My Mets have been showing some signs of life lately, so my earlier speculation that they might give the 1962 Mets a run for the season loss record has pretty much gone a-glimmering. Right now, they're at bat and leading the D-backs 2-1 in the bottom of the seventh with the bases loaded and no outs, and there's a rain delay. If they manage to win, they'll be ten games under .500 and in fourth place in the NL East, a familiar place for them. I can take some comfort in the fact that the Yanks are now in the same position in the AL East.
This would seem to be a good time to stop thinking about baseball and concentrate on important stuff, like the question posed by Dennis Overbye in his New York Times column yesterday:
Is the truth of the world to be found in the ways things change, like the river that you cannot step into twice, or the ways they remain the same, like the law of gravity or, indeed, the name of that river?Well, "the way things remain the same" brings me back, unhappily, to the Mets. But "the way things change" brings to mind this startling fact: the Pittsburgh Pirates now have the best record in Major League Baseball. I can remember, back in the late 1980s and early '90s, when the Pirates were a respectable team, my thinking, "If only the Mets could have Bobby Bonilla." Since 1992, when they finished first in the NL East (they have since been moved to the Central) the Pirates have had twenty straight losing seasons, an MLB record.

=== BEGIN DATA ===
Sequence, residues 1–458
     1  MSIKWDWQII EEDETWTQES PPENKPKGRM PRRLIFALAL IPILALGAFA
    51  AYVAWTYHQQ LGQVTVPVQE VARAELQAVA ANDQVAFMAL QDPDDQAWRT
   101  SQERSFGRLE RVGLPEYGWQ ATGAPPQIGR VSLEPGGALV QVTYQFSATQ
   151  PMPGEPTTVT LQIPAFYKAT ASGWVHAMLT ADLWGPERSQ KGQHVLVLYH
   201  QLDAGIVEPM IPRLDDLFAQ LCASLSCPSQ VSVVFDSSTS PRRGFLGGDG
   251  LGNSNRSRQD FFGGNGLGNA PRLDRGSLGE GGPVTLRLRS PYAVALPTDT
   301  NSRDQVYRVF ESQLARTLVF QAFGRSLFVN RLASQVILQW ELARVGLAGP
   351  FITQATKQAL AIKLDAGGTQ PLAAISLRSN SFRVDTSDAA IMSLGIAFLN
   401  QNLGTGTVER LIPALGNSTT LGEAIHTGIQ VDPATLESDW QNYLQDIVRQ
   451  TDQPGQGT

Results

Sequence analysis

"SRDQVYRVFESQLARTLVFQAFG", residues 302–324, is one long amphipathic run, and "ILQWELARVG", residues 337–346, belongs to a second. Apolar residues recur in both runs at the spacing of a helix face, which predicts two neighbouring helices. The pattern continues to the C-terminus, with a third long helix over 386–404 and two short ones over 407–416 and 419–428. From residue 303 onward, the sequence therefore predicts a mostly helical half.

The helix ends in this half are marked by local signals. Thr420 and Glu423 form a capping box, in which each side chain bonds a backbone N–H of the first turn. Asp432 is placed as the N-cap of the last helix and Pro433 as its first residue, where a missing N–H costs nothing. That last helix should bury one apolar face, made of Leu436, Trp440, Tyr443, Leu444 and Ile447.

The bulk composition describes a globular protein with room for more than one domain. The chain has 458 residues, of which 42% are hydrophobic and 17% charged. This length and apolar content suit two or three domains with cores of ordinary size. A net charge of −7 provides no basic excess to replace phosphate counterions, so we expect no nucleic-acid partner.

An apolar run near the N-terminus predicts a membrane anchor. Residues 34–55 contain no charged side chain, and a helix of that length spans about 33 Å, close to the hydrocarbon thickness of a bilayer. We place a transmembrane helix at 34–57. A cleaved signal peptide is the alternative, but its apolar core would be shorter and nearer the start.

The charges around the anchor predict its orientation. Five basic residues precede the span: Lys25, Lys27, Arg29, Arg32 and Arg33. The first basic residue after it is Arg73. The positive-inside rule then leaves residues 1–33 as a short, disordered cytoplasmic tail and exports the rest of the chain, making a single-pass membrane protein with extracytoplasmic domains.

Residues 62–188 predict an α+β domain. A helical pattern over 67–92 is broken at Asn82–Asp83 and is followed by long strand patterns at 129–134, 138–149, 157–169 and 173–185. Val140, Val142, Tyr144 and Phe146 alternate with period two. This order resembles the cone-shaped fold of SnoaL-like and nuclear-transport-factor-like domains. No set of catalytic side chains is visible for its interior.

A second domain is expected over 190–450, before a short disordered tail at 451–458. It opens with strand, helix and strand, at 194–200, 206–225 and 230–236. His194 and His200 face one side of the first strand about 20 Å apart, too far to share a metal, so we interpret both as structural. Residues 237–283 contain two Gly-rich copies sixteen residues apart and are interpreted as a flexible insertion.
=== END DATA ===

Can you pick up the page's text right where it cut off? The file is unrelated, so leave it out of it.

We're not quite to the All Star break yet, and things could change drastically between now and October. Still, I can't help but think about 1960 when the "Beat 'em Bucs!" Pirates, emerging from another long period of mediocrity, won the NL pennant, and took the heavily favored Yankees to game seven, decided by Bill Mazerowski's walk-off homer (see video above).
Should the Pirates win the Real Baseball League pennant, as a Pennsylvania native I'll root for them against just about any Phony Baseball League champion. Possible exceptions are the Red Sox, out of spousal loyalty, and the Rays, out of old hometown loyalty, although Tampa had no Rays until long after I left and had formed my loyalty to the Mets.